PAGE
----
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"They can't just google the correct answer": personalising science learning in an open-plan secondary school
chapterposted on 2015-01-01, 00:00 authored by Vaughan PrainVaughan Prain, B Waldrip, V Lovejoy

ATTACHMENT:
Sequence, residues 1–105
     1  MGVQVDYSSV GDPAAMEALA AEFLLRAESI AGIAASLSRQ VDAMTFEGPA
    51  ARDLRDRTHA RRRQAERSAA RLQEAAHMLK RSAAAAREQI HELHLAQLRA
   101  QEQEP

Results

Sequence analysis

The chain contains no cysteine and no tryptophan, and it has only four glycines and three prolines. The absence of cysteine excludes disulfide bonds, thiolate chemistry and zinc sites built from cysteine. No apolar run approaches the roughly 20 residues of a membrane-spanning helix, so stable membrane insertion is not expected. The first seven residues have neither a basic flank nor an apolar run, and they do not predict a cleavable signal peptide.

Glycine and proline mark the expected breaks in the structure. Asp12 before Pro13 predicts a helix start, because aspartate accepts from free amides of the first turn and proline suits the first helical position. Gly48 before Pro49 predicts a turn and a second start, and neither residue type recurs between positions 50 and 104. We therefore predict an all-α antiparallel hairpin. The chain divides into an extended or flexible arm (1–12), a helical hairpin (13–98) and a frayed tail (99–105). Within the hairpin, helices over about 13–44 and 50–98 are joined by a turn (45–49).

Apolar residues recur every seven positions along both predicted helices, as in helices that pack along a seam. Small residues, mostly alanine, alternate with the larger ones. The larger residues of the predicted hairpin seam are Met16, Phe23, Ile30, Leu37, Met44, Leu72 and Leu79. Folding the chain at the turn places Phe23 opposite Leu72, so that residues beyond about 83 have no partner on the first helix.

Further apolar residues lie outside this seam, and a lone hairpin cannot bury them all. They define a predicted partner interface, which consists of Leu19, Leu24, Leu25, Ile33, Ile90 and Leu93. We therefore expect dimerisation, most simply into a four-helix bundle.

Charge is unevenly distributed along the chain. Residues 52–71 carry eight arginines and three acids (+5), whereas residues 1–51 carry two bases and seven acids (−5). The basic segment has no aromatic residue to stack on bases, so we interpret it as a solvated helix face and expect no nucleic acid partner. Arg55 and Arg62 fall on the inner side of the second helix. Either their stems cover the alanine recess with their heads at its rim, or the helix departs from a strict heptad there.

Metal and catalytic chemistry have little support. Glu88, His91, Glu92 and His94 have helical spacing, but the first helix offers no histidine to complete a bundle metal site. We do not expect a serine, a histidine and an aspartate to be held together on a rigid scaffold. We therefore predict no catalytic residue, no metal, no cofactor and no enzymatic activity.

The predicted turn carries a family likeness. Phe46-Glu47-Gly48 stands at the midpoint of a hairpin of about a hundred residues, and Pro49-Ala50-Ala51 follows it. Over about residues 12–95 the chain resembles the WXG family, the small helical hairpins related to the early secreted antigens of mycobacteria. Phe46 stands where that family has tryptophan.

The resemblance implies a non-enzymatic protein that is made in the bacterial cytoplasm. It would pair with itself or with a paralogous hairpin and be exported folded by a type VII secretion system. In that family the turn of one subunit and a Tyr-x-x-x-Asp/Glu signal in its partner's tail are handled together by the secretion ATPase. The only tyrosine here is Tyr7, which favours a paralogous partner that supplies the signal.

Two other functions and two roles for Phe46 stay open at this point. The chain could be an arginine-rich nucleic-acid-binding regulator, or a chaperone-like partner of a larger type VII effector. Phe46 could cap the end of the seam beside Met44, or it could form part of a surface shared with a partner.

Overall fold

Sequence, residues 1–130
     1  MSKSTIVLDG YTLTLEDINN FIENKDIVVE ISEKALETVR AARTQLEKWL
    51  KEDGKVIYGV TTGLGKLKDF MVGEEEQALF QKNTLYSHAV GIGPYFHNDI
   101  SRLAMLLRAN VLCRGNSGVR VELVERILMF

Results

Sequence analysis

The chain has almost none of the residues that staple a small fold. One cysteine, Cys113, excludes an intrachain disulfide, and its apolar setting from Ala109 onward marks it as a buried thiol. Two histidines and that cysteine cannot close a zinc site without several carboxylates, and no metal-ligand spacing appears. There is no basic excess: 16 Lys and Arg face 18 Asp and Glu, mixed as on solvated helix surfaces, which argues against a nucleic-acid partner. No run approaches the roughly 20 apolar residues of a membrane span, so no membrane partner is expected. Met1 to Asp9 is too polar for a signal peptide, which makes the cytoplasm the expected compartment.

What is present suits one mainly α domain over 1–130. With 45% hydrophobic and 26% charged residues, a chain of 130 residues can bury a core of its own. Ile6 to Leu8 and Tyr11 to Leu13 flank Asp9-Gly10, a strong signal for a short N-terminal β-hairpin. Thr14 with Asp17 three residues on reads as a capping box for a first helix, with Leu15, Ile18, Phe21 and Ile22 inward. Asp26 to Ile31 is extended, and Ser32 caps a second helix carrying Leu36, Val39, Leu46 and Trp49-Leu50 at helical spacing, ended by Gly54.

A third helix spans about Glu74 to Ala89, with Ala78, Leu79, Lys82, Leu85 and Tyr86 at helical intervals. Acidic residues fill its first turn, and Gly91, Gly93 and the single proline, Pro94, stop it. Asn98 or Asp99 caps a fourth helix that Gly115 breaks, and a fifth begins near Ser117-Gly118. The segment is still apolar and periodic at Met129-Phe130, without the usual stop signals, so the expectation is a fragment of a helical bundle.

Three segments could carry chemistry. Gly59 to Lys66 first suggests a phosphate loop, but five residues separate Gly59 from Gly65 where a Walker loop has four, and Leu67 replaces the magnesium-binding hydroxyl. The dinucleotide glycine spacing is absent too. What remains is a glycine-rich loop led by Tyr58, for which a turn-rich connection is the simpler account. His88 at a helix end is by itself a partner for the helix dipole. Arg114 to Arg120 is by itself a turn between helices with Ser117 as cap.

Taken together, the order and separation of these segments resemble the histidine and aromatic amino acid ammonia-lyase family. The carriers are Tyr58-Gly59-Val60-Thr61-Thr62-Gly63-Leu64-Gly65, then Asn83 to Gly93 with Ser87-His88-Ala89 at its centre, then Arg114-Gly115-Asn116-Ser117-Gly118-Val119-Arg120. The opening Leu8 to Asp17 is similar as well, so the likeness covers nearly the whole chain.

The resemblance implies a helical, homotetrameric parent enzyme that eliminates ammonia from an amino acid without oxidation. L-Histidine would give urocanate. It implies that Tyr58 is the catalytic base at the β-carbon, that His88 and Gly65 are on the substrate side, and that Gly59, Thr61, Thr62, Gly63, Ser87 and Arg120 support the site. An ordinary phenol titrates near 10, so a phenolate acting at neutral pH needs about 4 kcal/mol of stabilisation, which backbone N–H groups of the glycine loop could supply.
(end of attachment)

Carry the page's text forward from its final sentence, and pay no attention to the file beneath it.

Enhancing students’ interest in and learning from school science experiences has remained a challenge for decades in many countries (DeWitt, Osborne, Archer, Dillon, Willis, & Wong, 2013; Duit, 2007; Tytler, 2007). This challenge is variously attributed to: (a) too much didactic teaching that casts students as reluctant bystanders tasked with memorising expert claims, (Duit & Treagust, 1998; Osborne & Dillon, 2008; Lyons, 2006); (b), a disconnect between official science curricula and students’ everyday worlds and interests (Aikenhead, 1996); and (c) lack of teacher familiarity with current scientific agendas, discoveries and methods (Chubb, 2014). Proposed and enacted solutions include: changes to the content, purposes and physical settings for learning (Duschl, 2008; Sadler, 2004; Tytler, 2007); integration with other subjects (Freeman, Marginson, & Tytler, 2015); more links with practising scientists (Chubb, 2014); more use of virtual resources (Linn, Davis & Bell, 2013), and increased explicit focus on opportunities for students to use these and other resources as reasoning tools for learning in this subject (Lehrer & Schuable, 2006; Tytler, Prain, Hubber & Waldrip, 2013).